Monday, December 10, 2012

12 Weeks of Christmas-Week 11!

Hello, Freespirit fans!  It's my pleasure to guest post today with a tutorial as part of the 12 Weeks of Christmas.  If you enjoy this tutorial, quilt-alongs, sewing contests and such, you'll probably like my blog at Stitched in Color.  I've been a big Anna Maria Horner fan from the beginning, so it's fun to be here!  Without further ado, let's get started....

Zigzag Cover Tutorial

  •  1/3 yard Main Fabric  (shown in Simple Plaid Corduroy from Chicopee by Denyse Schmidt)
  • (9) 3" squares Zigzag Print (shown in Paisley Corduroy from Chicopee by Denyse Schmidt)
  • (9) 3" squares Zigzag Solid (shown in Freespirit Solid)
  • Standard composition book, 7.5" x 9 3/4"
  • Note:  Non-directional fabrics are best for any prints used.  Since the plaid print was directional, the direction of plaid stripes differs between the zigzag and background portions.
Step 1:  Cutting

Beginning with your main fabric, cut an 5" wide width-of-fabric (WOF) strip and a 3" wide WOF strip.  Shorten both to 26.5" long, producing 5" x 26.5" and 3" x 26.5" pieces.  Use the remaining main fabric to cut (9) 3" squares and (1) 3.5"x 12" strip. 

Cut zigzag print and solid fabrics to make (9) 3" squares per fabric.  Slice all 3" squares in half on diagonal, as shown.  This will create a 18 triangles per fabric: main fabric, zigzag print and zigzag solid.

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Step 2:  Zigzag Piecing

Layout your triangles to create a zigzag design.  You'll have 3 rows of triangle pairs:  main fabric with zigzag print, zigzag print with solid and solid with main fabric.

Begin by sewing all triangles into pairs.

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When matching triangles right sides together for piecing, overlap fabrics slightly as shown.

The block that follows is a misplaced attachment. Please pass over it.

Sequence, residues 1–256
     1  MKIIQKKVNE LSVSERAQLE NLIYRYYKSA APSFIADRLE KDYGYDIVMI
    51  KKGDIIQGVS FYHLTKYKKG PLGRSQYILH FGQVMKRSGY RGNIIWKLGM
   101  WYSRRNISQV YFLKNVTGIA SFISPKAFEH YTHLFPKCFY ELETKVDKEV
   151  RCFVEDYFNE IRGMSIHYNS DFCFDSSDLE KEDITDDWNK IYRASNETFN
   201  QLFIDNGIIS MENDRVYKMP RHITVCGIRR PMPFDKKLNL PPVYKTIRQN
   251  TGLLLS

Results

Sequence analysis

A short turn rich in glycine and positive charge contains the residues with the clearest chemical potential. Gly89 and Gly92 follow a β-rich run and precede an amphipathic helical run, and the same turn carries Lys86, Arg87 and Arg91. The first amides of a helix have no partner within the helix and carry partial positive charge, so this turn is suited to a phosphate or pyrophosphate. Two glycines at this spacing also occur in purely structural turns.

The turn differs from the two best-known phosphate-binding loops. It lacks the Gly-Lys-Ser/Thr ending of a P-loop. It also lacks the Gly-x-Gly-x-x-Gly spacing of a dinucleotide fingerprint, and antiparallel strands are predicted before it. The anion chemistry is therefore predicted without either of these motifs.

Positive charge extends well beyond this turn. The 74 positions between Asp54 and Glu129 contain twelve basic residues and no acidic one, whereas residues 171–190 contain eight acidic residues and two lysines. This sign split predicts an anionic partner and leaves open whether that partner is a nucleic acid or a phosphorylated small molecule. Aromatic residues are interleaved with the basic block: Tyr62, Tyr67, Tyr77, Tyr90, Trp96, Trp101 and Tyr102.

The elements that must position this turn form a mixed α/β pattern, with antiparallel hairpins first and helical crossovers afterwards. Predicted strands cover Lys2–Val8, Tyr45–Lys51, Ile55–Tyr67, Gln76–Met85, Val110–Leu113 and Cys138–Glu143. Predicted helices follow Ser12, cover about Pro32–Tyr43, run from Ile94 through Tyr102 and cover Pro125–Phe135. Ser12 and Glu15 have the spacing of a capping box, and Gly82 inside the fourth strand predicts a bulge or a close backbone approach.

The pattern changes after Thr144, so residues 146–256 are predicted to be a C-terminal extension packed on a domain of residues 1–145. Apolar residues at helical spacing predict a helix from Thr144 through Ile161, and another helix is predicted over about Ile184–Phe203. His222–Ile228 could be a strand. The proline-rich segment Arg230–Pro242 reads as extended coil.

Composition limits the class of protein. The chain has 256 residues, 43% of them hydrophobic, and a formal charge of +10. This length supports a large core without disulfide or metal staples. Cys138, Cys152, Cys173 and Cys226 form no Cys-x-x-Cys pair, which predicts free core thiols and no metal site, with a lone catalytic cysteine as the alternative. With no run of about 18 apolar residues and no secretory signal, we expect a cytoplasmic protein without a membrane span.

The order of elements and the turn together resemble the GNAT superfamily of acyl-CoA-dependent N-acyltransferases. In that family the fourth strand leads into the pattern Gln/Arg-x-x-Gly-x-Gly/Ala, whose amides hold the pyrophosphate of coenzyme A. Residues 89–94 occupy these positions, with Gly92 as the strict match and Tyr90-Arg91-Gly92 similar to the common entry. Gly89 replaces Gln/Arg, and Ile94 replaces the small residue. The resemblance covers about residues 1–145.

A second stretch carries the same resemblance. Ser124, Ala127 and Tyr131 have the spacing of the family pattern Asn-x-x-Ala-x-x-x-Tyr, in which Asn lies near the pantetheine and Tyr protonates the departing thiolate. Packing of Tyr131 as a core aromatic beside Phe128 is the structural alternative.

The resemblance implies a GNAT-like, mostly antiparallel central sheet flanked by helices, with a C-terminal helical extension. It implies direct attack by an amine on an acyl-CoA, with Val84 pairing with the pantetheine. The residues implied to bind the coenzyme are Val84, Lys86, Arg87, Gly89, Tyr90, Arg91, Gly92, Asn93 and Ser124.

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Make sure the triangle points stick out just enough so that your 1/4" seam allowance begins and ends at the location where both fabrics' raw edges meet.

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When sewn properly and pressed open, the triangle pair will have neat, flush corners.  This can take a bit of practice, so don't be shy with the seam ripper.  That's how we learn!

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After creating pairs, sew pairs together to create long rows of triangles.

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Again, overlap fabrics as shown.  Be slightly generous when overlapping fabrics at this stage!  The 1/4" seam allowance should intersect the matched raw edges as before.

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When sewn properly and pressed open, the triangle set will have 1/4" seam allowances extending beyond each triangle tip!

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Piece together all 3 rows of triangle pairs. Each row will have 9 triangle pairs total.

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Note:  I learned this style of piecing zigzags from Anna Maria Horner's Folk Dance quilt pattern, a free pdf.  I prefer it to the half-square-triangle method of piecing zigzags since it uses larger triangles, which creates a zigzag with fewer seams and more beautifully presented fabric.  The drawback is that the triangle rows have exposed biased edges.  Take care when sewing rows together not to stretch your fabrics!